After discussing the Future of Fashion with Philanthropist Jean Shafiroff in our latest issue, we had the opportunity to continue this discussion with Fashion Designer Rocky Star. See our Q&A with the designer who has dressed countless celebrities, shown at many Fashion Weeks, and built a professional portfolio which consists of a bar, homeware range, and beauty products. Who better to walk us through what may come in the post-pandemic fashion world…
What are your plans for the fall season and how are these plans going to affect your business?
We finished our fall winter collection already before the pandemic so the focus will only be on liquidation of inventories, we will be working strongly with our digital sales partner platforms, offline sales are going to be less this year so we only going to focus online this year.
What are your thoughts on digital fashion weeks?
I think it’s a great way to stay connected and engage with your audience, but I doubt the digital fashion shows will relate to any sales but will surely keep brands alive.
Do you think digital fashion weeks will be well received?
It’s all very new and we can only hope that the content of the digital fashion week is very innovative and interesting for the audience to be interactive, for sure everyone is interested in the future of fashion and where it is heading but it’s at a very nascent stage and we all have to wait and see how well it is received.
How do you think digital runway shows will change fashion and the experience of the show?
It all depends on the content and how interactive it will be to engage the audience and buyers. It’s a great idea to be connected with everyone but as it will be on a digital platform people will have to get used to this experience. The experience of watching a live show is surely not comparable to this, yet I feel this will definitely be a part of our future.
What do you think is the future of retail and fast fashion?
This year retail has and will suffer a lot considering we already lost the spring-summer season. Regarding fall-winter, people will be more conservative when it comes to fashion , I see it going back to normal probably next year, obviously the entire fashion business needs to be reworked, fast fashion needs to be more objective, designers need to create sensible and sustainable collections and not work like machines, people will start shopping more sensibly and I think we all need to slow down a bit and not create this pressure where everyone is in a rat race.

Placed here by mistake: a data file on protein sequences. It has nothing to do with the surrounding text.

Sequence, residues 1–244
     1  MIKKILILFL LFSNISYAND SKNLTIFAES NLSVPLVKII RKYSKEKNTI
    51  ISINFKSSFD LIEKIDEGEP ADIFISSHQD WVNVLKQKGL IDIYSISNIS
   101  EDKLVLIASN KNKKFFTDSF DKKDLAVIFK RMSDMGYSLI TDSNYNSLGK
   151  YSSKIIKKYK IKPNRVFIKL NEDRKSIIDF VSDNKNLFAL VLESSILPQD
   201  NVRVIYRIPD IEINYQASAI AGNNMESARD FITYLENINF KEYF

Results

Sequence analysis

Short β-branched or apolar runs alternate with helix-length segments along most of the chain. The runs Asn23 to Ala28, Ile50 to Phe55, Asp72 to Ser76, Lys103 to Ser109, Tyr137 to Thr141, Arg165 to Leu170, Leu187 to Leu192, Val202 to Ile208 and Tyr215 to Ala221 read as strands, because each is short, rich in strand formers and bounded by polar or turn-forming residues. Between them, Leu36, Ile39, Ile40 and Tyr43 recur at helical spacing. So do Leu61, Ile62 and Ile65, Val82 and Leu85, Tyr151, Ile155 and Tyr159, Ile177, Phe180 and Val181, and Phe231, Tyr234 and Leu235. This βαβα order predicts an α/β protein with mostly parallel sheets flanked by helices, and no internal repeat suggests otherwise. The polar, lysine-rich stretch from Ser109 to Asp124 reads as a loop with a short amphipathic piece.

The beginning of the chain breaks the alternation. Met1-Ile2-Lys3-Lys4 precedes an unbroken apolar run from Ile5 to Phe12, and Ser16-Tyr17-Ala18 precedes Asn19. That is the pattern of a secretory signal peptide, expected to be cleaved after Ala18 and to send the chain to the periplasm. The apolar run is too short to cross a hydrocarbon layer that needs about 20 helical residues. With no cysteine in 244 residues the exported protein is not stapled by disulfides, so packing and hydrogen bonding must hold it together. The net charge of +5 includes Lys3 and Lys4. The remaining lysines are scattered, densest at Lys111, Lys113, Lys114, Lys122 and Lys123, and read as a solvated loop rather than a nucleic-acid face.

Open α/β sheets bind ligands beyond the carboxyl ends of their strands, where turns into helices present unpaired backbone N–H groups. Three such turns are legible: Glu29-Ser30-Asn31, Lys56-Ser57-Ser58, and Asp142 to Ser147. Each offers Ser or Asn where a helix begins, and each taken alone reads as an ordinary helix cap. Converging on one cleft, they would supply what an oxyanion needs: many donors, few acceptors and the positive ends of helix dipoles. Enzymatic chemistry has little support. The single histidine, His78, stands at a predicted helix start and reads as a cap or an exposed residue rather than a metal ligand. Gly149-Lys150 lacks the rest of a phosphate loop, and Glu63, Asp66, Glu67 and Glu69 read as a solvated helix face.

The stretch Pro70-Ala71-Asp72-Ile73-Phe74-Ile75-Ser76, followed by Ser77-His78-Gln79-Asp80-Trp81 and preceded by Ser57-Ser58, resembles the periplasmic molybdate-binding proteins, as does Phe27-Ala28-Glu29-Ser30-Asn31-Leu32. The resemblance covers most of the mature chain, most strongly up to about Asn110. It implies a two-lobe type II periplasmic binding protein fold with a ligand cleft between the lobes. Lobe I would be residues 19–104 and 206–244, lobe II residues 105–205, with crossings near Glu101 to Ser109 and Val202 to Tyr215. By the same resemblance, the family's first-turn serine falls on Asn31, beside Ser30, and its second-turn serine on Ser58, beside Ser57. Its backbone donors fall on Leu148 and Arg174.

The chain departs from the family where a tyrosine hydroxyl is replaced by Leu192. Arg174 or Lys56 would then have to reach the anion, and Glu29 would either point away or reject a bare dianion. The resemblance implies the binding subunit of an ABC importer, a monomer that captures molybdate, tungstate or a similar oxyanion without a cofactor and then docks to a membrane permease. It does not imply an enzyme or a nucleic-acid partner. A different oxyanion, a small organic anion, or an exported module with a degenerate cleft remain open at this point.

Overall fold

How do you think traditional runway shows will change as the industry recovers from the pandemic?
The change is a must, even after the pandemic is over, safety will be top priority, social distancing will be a must, traditional runway shows will become more of a luxury experience and mostly for the big brands to create a feel of the season, there will be more compact on the manner of production and it will surely be on a budget constraint.
Do you have any positive or negative takeaways for how the industry, overall, is reacting to the pandemic?
I see a lot of positivity in this, people are thinking twice before venturing again into the fast world, they will be more conscious, while sustainability and reusable fashion will be top priority, creativity will once again be of importance and designers will focus more on the art form rather than fast fashion. Yes, it’s difficult to get back on your feet after the pandemic but I feel the people who can will surely stand stronger with a stronger sense of purpose.
How do you think the industry has changed in response to the pandemic?
The industry is surely realising the past was going extremely fast and the only way to survive now is for the system to change and to be extremely innovative in regards to designs, marketing and sales ideas, the time has come to be more focused on skills and smart fashion with value for money being of utmost importance.
We are all waiting to see what the future holds for our industry, and I think we can see everyones focus is going to be on adaptability and diversifying their strategies to ensure their brands can survive this challenging time.